North Carolina Has a Long Way to Go to Tackle Wage Equity

| by Beth Briggs

2020 kicked us in the knees, leaving us a little shaky and rather vulnerable. Everything has changed. Uncommon times call for conscientious examination of who we are and our personal and professional core values.

At Armstrong McGuire we have been intentional in discussions about how we demonstrate our values around diversity, equity, and inclusion in our professional conduct. Unfortunately, inequity is tightly woven within the fabric of our culture and our society. 

I recently read a report by Equity in the Center called Awake to Woke to Work: Building a Race Equity Culture. I was moved by the following quote from the report:

“Achieving race equity — the condition where one’s racial identity has no influence on how one fares in society — is a fundamental element of social change across every issue area in the social sector. Yet the structural racism that endures in U.S. society, deeply rooted in our nation’s history, and perpetuated through racist policies, practices, attitudes, and cultural messages, prevents us from attaining it.”

Structural racism is evident throughout the policies and practices that surround education, housing, economic security, incarceration, and health care. Tragically, racial inequities in our healthcare system are reflected in the significant percentages of COVID-19 deaths among people of color.

Racial identity has a significant influence on economic stability and the ability to earn a living wage, a critical indicator of health and well-being. In North Carolina, the wage inequity among women, particularly women of color, Hispanic, and Latina women is a glaring example of the tremendous challenges that demand social change.

According to the 2018 Institute for Women’s Policy Research report on The Status of Women in North Carolina: Employment and Earnings, produced for the The NC Council of Women, the median income for women in the state is $36,400, which is $8,600 less than for a man, creating an 80.9% gender earning income gap. Over a thirty-year period, this translates into earning $258,000 less than her male counterpart, money that could go toward the purchase of a home or education for her children.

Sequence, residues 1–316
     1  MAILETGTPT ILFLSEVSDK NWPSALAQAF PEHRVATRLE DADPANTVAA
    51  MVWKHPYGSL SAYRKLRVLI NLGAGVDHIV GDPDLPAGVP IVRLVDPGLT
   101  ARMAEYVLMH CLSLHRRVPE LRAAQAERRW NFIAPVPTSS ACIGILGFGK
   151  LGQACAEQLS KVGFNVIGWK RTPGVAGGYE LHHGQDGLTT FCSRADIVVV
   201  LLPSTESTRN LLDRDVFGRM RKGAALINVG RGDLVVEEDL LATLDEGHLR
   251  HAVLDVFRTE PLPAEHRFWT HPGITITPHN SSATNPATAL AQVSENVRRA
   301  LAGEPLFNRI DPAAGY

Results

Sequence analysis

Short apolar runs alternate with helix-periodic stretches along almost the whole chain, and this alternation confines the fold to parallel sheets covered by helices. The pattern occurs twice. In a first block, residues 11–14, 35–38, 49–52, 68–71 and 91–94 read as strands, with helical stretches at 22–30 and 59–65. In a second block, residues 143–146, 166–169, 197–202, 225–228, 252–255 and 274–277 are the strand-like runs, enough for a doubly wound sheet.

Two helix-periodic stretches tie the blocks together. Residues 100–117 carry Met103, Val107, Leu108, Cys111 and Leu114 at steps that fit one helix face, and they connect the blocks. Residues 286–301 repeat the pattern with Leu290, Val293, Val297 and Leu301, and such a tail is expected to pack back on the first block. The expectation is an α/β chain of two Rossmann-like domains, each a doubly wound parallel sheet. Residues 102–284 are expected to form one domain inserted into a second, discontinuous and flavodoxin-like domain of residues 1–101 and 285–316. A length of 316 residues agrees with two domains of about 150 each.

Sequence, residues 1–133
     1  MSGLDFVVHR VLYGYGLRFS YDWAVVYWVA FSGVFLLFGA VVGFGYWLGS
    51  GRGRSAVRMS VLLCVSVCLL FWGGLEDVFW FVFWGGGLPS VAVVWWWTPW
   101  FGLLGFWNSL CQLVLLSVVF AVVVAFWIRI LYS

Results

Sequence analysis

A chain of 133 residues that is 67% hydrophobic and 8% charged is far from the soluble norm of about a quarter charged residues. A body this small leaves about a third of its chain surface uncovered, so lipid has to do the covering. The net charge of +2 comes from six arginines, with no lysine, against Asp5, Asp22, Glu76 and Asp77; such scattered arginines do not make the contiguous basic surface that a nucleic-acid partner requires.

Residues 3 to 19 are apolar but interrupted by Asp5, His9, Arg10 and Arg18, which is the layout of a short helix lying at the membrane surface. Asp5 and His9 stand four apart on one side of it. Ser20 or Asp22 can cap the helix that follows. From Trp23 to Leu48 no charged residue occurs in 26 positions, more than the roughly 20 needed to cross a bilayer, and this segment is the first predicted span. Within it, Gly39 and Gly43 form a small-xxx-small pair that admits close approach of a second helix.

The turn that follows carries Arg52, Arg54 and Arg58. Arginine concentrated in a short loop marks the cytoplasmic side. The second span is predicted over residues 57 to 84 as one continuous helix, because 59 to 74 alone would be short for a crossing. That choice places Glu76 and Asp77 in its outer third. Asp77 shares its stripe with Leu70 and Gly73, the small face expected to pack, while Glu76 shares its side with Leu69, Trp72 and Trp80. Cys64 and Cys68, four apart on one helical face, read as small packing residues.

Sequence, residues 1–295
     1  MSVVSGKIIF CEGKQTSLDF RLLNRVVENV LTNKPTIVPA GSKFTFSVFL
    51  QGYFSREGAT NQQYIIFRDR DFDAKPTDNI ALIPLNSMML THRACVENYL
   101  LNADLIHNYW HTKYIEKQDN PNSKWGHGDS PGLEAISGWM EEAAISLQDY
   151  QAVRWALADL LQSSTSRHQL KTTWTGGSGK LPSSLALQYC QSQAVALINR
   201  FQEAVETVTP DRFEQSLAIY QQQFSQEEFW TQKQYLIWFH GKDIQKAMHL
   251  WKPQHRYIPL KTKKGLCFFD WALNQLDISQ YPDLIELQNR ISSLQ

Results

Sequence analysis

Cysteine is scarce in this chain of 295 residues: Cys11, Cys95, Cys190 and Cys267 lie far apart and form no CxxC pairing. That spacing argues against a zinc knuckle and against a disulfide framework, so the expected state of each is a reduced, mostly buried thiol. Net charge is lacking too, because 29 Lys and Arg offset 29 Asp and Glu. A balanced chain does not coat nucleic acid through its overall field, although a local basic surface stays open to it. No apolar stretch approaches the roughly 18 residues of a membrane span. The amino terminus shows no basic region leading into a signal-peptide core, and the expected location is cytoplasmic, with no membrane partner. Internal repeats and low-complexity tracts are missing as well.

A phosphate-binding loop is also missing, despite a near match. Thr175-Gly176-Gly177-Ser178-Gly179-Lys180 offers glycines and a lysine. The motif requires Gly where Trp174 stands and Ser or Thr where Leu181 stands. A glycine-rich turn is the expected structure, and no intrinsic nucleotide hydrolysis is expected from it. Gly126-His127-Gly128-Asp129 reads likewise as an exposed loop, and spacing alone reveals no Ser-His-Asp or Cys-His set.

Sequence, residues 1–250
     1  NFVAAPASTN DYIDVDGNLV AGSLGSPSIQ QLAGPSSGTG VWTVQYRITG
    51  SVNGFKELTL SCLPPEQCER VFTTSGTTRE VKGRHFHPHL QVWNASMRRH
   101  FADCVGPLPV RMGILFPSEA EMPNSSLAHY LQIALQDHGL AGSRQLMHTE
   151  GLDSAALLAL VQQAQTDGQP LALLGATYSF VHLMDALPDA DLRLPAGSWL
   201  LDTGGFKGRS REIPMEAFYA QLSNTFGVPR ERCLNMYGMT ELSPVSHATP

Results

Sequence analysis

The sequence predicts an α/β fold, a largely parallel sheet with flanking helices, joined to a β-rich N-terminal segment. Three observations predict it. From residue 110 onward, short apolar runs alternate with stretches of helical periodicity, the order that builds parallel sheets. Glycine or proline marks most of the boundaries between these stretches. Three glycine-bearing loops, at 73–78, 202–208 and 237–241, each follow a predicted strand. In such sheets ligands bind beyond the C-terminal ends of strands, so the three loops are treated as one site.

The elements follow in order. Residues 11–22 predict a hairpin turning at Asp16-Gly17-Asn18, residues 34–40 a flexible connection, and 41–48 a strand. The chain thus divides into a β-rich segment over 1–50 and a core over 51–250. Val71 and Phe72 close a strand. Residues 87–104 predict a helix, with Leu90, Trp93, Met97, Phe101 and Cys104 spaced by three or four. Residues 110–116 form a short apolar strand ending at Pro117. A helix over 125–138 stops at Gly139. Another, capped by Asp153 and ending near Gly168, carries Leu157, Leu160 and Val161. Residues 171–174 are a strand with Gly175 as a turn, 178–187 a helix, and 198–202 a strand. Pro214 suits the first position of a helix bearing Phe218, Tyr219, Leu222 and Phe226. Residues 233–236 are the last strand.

The median income for a White woman in North Carolina is $40,180 compared to $49,762 for a White man. A woman of color’s median income is $31,821 or 70.7% of her male counterpart who has a median income of $40,422. Hispanic women fare even worse with a median income level of $24,322 or 48.9% of a man.  

The disparity is even more pronounced where the median Black household income in North Carolina is $34,000, $20,000 less than white households at $53,855, according to a recent report by the NC Justice Center.

In urban counties the gap is even higher. Wake County’s median income for White families exceeds Black income by over $33,000 and in Mecklenburg County, Black household income is $32,455 or 44.3% of median White households.

These numbers are a direct reflection of the inequality that continues in North Carolina.

North Carolina’s poverty rate is 16.1%, which means one of every 6.2 residents is living in poverty. Females are 19% more likely to live in poverty than men and 24.9% of Black residents live below the poverty line.

Interestingly, the wage gap continues regardless of educational attainment. “Wake Invests In Women” is a collective impact initiative sponsored by Wake Tech to reduce the income gap among women of color by expanding education and access to STEM jobs. They recently produced a study that showed in Wake County, women without a high school diploma make 59% of a man with the same education, while women with a bachelor’s degree make 61% of men with bachelor’s degrees. Women with graduate degrees earn 60% of a male with a graduate degree.    

These numbers are aggravating because the needle is not moving significantly. It is also a call for action to become even more intentional about eliminating the wage gaps so that everyone working a full-time job can earn a livable wage and provide for their families and children. 

2020 has taught us many lessons but it is evident our human vulnerabilities and interconnectedness unites us. We are all in this dance together and if the rising tide lifts all boats, providing wage equity with intentionality toward people of color benefits everyone.

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